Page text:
The story Bernie never tired of telling was that my little brother, Barry, lost his shoes at the beach and asked him, a stranger, to carry him home. Bernie carried my barefoot bro all the way home on his shoulders. With me walking beside them, our shadows on the sidewalk became a shifting triangle, curly-topped.
The part that Bernie didn’t add was that my brother had no brother, just three sisters. Since my father was always at his grocery store, Bernie became the male in Barry’s life. He took Barry to the ballfield and played catch with him. He included Barry in a lot of our outings without any complaint. Barry became so attached to Bernie that our first Valentine’s Day, he cried when Bernie didn’t give him a valentine, too.
Bernie, coming home from college at Columbia Pharmacy, got off the subway at a stop that would require quite a walk to his house because he was hoping he’d see me outside walking my dog, Topsy.
I can still see myself sitting on the carpeted steps of my parents’ home, the coiled wire of the black wall phone coming through the banister to talk with Bernie. He called me at least once a day, sometimes more. Often, we were just sat quiet, listening to each other breathe until someone yelled, “Get off the phone already, why don’t you?”
Bernie shot up a whole foot in the year after his bar mitzvah and it took him a long time to realize where his body ended in relation to what was around him. Whenever he came to visit me, he was so eager to see me that he’d dash into the hallway, forgetting my mother’s chandelier. Crystals shattered on the tile floor.
“That chandelier is from Czechoslovakia,” my mother would cry. “The Commies took over the factory. I’ll never be able to get more.”
Knowing that I was deeply invested in art, Bernie, who knew nothing about art, began taking art books out of the library and studying them to have more in common with me. It was Bernie who looked through the Times each week to find what was showing in museums and galleries. I would watch him stand in front of a painting, staring at it with as much concentration as he watched the Yankees play.
As a small boy, Bernie showed his lifelong taste for adventure. While his mother, Relly, was battening down the hatches in their apartment in Wavecrest by the sea, she looked out her window and saw Bernie at seven leading his four-year-old brother, Bobby, by the hand to watch the storm come in. She ran out of the apartment, shouting their names. When she got them home, she gave Bernie a talking-to that rattled him like the wind on their windows.
Once when we were dating, we were at the beach when the sky darkened, and the birds began flapping madly away.
“A storm’s coming,” I shouted, but Bernie refused to leave.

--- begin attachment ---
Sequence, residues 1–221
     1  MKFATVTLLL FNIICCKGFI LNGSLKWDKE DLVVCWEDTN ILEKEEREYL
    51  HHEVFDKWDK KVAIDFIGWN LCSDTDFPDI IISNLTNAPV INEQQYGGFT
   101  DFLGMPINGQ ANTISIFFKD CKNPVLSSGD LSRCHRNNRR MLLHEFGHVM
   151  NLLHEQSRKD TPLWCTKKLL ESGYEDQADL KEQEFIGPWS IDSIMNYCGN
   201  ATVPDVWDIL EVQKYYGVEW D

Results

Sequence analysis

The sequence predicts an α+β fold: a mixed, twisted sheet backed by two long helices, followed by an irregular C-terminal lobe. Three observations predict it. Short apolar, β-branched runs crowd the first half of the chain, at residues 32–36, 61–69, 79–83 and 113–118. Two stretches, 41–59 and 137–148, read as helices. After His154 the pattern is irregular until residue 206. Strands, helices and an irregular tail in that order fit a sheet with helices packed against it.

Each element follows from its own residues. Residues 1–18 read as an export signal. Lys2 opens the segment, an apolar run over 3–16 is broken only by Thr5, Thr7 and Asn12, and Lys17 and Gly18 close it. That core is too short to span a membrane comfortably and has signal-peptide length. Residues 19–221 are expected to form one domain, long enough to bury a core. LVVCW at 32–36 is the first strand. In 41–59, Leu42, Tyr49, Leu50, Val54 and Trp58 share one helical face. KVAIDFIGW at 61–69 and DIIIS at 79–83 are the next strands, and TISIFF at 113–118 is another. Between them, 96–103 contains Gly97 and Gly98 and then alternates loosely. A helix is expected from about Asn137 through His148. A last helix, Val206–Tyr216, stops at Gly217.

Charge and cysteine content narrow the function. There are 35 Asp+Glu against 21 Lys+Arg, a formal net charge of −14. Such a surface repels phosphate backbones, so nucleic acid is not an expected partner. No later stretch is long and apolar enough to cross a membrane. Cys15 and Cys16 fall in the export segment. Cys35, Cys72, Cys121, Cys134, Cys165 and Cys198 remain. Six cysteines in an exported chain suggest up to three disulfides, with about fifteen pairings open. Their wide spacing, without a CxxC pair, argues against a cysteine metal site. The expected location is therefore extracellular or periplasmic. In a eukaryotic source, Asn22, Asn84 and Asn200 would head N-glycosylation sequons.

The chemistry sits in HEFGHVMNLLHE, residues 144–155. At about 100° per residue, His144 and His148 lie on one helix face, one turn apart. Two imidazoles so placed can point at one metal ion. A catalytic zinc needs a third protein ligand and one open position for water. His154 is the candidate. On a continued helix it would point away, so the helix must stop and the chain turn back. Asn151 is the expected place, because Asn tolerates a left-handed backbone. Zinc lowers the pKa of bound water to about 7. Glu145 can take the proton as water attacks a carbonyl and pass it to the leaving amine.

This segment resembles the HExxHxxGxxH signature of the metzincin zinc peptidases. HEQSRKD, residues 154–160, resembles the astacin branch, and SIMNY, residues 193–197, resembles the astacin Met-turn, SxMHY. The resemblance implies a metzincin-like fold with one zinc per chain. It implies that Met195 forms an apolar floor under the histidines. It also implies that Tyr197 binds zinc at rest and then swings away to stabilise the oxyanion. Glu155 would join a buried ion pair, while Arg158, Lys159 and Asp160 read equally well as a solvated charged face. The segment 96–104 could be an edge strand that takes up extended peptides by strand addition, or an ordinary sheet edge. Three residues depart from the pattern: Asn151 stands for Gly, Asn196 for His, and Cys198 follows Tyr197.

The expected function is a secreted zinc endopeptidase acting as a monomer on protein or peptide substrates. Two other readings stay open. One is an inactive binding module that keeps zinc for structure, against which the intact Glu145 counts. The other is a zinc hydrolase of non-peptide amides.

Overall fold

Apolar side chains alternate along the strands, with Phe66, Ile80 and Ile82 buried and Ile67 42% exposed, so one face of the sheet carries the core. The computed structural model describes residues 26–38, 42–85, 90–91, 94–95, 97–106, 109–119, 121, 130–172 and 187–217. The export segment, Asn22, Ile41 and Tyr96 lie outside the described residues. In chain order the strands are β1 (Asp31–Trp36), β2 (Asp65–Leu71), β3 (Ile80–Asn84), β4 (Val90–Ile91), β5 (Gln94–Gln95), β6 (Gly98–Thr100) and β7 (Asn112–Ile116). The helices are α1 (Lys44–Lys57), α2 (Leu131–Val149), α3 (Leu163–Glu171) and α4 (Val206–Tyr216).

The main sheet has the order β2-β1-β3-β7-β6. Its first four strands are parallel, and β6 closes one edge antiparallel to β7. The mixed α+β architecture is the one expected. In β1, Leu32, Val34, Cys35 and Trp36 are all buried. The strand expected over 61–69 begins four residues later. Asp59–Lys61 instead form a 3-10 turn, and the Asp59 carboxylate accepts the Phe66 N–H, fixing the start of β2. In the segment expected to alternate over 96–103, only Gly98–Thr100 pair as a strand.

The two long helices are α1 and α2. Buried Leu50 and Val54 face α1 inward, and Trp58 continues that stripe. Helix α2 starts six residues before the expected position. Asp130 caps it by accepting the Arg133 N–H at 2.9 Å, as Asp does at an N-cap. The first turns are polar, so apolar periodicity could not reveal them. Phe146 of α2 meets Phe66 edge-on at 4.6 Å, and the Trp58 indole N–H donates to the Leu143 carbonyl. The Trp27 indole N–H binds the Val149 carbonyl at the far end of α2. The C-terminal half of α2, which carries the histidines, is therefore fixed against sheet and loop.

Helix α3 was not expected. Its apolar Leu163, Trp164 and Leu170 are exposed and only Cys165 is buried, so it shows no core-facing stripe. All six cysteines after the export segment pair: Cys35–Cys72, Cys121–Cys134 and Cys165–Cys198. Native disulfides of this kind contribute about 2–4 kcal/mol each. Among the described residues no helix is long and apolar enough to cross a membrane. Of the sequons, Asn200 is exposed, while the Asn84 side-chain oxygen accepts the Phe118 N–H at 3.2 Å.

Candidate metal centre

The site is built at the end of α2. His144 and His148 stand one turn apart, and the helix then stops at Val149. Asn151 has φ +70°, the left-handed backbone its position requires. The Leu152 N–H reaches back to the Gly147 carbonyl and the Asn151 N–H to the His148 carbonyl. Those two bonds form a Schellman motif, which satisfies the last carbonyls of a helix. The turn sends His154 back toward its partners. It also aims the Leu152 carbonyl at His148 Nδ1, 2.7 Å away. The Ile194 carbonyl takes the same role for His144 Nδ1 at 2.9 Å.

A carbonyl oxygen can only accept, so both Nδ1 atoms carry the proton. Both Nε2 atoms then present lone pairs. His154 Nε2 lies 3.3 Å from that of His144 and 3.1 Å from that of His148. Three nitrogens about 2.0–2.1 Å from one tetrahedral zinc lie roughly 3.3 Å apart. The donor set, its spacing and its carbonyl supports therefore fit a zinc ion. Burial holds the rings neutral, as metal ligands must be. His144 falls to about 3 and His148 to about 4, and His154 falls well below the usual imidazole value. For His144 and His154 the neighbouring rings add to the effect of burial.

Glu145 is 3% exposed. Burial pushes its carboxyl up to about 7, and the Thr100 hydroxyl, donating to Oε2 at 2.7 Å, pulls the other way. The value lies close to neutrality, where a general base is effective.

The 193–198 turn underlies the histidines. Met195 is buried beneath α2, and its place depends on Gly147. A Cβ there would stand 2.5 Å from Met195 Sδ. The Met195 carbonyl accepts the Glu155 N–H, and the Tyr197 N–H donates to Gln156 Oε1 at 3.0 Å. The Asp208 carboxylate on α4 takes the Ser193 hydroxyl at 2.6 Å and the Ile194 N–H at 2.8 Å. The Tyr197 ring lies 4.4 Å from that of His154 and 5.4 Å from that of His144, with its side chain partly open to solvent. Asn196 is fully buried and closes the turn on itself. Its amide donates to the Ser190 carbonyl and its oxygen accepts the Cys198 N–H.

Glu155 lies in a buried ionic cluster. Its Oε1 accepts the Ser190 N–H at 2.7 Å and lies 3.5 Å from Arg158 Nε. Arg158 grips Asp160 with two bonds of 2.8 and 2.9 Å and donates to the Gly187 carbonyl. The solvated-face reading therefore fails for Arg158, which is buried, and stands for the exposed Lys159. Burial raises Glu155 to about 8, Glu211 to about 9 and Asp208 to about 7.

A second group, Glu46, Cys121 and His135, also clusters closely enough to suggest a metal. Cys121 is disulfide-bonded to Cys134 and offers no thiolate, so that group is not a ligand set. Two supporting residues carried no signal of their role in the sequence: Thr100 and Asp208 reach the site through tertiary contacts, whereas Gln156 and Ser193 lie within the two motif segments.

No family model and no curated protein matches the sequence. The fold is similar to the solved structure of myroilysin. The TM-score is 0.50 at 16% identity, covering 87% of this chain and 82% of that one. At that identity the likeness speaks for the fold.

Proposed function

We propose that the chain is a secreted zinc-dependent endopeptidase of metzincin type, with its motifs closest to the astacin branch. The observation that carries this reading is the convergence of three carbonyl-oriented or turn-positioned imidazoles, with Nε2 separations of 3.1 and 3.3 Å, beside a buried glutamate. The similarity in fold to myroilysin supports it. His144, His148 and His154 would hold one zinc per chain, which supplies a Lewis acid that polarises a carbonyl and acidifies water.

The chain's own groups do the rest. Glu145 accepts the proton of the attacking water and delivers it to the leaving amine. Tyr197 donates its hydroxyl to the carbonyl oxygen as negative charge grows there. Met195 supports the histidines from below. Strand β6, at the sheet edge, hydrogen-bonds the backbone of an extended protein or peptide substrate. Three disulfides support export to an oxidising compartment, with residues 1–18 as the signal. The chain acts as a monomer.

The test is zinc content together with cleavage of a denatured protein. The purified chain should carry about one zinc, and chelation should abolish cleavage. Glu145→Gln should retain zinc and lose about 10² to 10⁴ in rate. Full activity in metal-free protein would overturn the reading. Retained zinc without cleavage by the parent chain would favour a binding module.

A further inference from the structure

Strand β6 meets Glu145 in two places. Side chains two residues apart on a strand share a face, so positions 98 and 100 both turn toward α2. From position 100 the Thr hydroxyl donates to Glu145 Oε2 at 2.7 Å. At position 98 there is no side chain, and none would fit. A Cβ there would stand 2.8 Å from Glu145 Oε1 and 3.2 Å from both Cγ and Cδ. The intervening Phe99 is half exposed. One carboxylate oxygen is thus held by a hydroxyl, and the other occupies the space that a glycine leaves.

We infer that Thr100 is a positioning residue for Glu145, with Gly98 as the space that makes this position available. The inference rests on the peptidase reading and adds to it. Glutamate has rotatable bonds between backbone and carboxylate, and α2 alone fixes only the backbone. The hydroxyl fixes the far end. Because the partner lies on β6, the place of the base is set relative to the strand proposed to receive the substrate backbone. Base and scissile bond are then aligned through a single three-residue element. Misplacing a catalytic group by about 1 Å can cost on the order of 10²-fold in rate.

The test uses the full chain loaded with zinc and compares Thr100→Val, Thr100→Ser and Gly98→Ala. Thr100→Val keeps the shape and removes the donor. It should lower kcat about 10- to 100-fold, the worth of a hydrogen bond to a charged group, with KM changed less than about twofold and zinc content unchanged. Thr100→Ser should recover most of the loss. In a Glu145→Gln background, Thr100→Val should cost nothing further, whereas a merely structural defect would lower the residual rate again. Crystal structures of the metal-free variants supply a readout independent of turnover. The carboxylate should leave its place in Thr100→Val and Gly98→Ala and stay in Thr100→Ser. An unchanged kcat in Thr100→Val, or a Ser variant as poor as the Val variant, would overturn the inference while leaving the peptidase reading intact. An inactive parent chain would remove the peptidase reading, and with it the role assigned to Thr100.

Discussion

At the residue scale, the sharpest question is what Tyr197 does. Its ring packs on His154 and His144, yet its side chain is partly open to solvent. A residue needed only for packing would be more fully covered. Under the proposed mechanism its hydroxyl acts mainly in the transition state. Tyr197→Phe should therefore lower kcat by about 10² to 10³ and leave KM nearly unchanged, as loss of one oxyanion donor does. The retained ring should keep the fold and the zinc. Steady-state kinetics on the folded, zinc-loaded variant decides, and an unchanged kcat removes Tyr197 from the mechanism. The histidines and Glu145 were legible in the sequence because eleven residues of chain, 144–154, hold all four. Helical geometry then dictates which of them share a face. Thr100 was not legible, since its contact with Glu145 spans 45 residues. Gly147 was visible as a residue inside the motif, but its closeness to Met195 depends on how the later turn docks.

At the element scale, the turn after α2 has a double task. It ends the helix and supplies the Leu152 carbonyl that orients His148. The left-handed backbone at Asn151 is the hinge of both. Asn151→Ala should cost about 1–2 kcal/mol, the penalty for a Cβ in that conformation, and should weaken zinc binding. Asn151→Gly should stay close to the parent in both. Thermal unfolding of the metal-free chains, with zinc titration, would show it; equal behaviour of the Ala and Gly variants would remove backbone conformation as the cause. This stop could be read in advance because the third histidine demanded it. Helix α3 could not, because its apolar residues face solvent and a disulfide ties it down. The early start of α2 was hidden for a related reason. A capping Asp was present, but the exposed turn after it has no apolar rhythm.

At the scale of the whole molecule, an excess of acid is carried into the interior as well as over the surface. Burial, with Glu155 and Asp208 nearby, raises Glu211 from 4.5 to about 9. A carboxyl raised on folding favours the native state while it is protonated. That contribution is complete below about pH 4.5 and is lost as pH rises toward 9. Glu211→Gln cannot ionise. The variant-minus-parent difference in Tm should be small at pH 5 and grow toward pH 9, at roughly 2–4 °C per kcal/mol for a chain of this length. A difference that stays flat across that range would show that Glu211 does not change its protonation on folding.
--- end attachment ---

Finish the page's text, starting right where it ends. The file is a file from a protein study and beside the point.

The wind came on so strong that it lifted me inches from the sand. Bernie grabbed my hands and hung onto me and I knew then he would always hold onto me.
And he proved it. When we were engaged, we had a big argument. I can’t recall what it was about, but I do remember that I threw my engagement ring at him and told him I never wanted to see him again. I wouldn’t answer the phone when he called. I told my mother to turn him away at the door.
The next day, he drove to my college, Queens College, where it took at least an hour of circling Kissena Boulevard to get a parking spot. He stood on a footbridge overlooking the campus that was teeming with students, among them Simon & Garfunkel, and somehow, out of everyone milling along, he spotted me. He got down on one knee, proffering the ring, and asked, for the second time, “Will you marry me?” People stopped to watch. It was like a live romcom.
“Yes,” I said, and we were back in each other’s arms. The onlookers applauded.
Bernie always held my hand as we walked, my lifeline pressed against his. As we got older, people would call out to us, “Good to see you are still in love.”
And that love grew with the enjoyment of our grandchildren. Bernie would do anything to see them, drive in any weather, face any traffic snarls. And if you knew how Bernie drove, you would be astonished that we got there and back safely. Sometimes I caught a glimpse of a passenger in our rearview mirror, mouth hanging open with shock and covering their eyes. I learned to read while Bernie drove which helped our romance.
Bernie was the left side of my brain, my NorthStar. Where would we have gotten without him? In the days before the GPS, we wrote directions on paper. While we drove to the Storm King Art Center, Bernie said, “Where do we turn?”
I read, “broccoli, tuna, chicken wings, tomato sauce, cottage cheese…” and the rest of the shopping list that I hadn’t been able to find while we were shopping.
Whenever I misplaced something, which was always, all I had to do was say, “Bernie, where is…” And before he answered, I saw it.
We fit together like a hand in a glove. Now I wish I could ask him where my gloves are.